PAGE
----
The Stort flows south west and is joined by Fiddlers Brook from the north west
Post to the north Pole Hill
Post to the west Burnt Mill Harlow
Edinburgh WayIn 1952 The Duke of Edinburgh visited what was then Temple Fields Industrial Estate and thus the road was named. It was, and to some extent is, an area of trading estates and some substantial factories – some of the longer established are shown below. Much of the road now is full of garish burger and pizza bar, cheap entertainment venues, ‘big shed’ retailers and such like.
The Kao-Hockham Building. Now the offices of Harlow Enterprise Hub, this was formerly Great Eastern House purchased by Harlow Council in 2006. It was built in the 1960s for Standard Telephones and Cables Ltd, the British telecommunications company dating from 1883. They had had laboratories in Harlow from the 1950s where in 1966, Charles Kao demonstrated that light rather than electricity could be used to transmit speech. Taken over by Nortel in 1991 who remained in site, but have recently sold the business.
Raytheon. They took over Cossor Electronics who had pioneered cathode ray tubes and later all sorts of TV, radio, radar etc. They moved to Harlow in 1958 in Edinburgh Place where the first British V.H.F. radios were made. In the late 1950s they moved to Elizabeth Way. In 1961 Cossor was acquired by Raytheon and they continue with Major advances in Radar.
Johnson Matthey Metals, opened in 1954 as the Harlow Metal Co. Their huge Harlow Plant was demolished and they seem no longer to have a presence in Harlow – although as a vast multinational there seems to be very few places where they don’t have a factory or two. Johnson Matthey has been involved with precious metals since 1817 at Hatton Garden where Johnson was in businesses as an Assayer with a gold refinery there in the 1830s –later moving into silver, nickel and much else, particularly platinum. They grew and grew and grew through the 20th. In 1953 Harlow Metal Co. Ltd. was formed to merge the company's mechanical production interests. It was a huge works – but the company histories never mention it.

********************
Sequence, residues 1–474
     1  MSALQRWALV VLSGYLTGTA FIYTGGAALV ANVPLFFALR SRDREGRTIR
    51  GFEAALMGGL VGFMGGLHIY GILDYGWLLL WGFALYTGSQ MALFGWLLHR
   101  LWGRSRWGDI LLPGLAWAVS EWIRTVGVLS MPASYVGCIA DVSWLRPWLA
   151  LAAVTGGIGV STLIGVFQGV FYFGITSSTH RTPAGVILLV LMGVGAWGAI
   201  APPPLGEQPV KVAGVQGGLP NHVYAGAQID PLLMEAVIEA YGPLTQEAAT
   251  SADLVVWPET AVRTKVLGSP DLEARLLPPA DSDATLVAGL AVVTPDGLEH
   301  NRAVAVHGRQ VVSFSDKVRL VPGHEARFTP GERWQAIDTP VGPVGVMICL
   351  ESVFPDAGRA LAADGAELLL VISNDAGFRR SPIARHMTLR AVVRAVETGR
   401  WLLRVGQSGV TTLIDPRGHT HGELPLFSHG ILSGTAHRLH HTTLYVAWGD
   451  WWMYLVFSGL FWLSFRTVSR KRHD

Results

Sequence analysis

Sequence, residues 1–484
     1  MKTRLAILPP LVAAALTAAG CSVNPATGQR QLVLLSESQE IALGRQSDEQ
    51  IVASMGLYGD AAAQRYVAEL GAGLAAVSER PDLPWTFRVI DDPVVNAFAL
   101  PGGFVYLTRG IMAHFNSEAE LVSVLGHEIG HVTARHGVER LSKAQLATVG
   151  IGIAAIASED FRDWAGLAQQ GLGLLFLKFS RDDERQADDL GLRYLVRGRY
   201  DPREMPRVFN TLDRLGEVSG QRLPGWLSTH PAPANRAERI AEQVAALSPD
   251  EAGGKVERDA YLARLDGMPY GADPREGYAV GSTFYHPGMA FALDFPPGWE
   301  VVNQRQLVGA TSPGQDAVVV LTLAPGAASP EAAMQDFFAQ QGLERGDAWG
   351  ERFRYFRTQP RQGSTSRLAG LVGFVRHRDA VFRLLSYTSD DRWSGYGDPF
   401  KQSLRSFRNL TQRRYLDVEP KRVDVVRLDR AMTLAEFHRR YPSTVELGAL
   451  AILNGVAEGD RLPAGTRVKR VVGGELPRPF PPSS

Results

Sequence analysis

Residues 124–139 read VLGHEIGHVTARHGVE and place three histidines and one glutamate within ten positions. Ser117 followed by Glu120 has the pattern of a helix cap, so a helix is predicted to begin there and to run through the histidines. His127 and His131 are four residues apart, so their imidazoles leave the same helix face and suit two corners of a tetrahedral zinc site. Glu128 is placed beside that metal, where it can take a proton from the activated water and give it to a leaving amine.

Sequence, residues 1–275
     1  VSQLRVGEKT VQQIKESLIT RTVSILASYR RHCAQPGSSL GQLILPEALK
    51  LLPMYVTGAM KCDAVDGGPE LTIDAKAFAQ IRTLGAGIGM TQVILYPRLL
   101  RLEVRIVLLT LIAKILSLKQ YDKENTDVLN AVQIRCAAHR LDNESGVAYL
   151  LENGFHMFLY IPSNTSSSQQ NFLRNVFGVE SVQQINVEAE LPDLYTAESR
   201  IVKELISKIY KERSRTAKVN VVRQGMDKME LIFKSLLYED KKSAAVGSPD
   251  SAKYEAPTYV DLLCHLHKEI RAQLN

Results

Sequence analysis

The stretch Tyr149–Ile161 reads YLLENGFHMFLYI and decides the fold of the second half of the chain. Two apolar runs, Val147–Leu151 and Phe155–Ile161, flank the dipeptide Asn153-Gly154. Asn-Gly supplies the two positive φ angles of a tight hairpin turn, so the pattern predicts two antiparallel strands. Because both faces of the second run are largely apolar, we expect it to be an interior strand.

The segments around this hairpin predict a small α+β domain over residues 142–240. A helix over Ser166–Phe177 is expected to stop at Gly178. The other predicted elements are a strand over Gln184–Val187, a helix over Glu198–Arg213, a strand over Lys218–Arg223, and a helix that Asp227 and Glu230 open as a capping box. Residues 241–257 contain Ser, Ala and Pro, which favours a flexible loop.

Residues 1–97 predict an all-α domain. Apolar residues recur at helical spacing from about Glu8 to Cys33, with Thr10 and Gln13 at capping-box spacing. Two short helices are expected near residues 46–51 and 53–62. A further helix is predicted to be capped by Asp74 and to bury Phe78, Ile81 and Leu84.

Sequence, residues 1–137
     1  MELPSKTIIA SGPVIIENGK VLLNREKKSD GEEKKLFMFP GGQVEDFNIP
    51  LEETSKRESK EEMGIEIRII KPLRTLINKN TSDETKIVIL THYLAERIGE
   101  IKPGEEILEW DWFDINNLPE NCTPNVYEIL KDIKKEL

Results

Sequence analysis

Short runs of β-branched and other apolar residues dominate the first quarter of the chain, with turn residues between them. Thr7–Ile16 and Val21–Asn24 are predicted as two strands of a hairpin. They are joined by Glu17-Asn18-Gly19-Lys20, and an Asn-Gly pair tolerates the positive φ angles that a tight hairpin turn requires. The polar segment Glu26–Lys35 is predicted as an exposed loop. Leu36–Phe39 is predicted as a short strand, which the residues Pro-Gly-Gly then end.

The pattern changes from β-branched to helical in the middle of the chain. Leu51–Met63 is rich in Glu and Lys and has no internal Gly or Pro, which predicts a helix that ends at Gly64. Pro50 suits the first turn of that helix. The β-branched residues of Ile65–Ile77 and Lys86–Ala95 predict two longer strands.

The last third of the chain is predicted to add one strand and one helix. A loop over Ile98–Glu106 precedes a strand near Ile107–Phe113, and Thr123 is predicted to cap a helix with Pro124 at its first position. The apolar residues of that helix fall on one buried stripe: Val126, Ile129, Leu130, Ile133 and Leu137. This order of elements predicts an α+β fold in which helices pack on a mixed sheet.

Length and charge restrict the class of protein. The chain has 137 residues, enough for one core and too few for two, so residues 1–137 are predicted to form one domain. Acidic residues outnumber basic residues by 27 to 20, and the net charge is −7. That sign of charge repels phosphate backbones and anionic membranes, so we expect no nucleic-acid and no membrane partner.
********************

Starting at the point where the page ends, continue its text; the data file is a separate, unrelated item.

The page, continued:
OI – United Glass Containers, which originated partly as Key Glassworks in New Cross. United Glass had had the largest glass factory in Europe in Charlton, but high south London wages led to their move to Harlow. It is now owned by some American company but manufactures and markets glass containers in Britain from Harlow. The company also owns a silica-sand quarry in Scotland
Marshgate Spring. The marshland is on the flat area near the railway with ditches and reed beds. Woodland slopes from the Queensgate Centre and contains springs that feed the marsh. There is oak, hornbeam, ash, hazel, and willow.
Queensgate Retail Centre
GlebelandsContrapuntal Forms, Sculpture by Barbara Hepworth commissioned for the Festival of Britain where it stood outside the Dome of Discovery this is two blue limestone monoliths which look very hard to vandalise.
School LaneMarsh Gate Farm, was once called Redmells Farm. Timber-framed and weather boarded, probably dates from the late 17th
Barn weather boarded, used by the Parks Dept. as a store and depot. Burnt down 2010.